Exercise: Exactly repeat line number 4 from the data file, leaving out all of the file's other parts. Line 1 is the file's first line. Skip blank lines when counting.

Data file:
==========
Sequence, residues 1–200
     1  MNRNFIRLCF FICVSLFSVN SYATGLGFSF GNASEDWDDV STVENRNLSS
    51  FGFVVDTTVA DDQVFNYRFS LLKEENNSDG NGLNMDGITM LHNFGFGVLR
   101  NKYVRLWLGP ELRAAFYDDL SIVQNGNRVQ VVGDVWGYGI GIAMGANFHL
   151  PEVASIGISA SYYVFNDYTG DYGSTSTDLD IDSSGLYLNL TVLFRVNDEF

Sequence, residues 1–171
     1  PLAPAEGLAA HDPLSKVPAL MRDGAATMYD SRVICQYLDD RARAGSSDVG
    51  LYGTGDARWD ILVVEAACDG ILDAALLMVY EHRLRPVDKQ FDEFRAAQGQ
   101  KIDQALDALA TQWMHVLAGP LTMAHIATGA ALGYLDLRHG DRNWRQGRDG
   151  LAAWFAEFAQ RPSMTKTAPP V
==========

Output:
   101  NKYVRLWLGP ELRAAFYDDL SIVQNGNRVQ VVGDVWGYGI GIAMGANFHL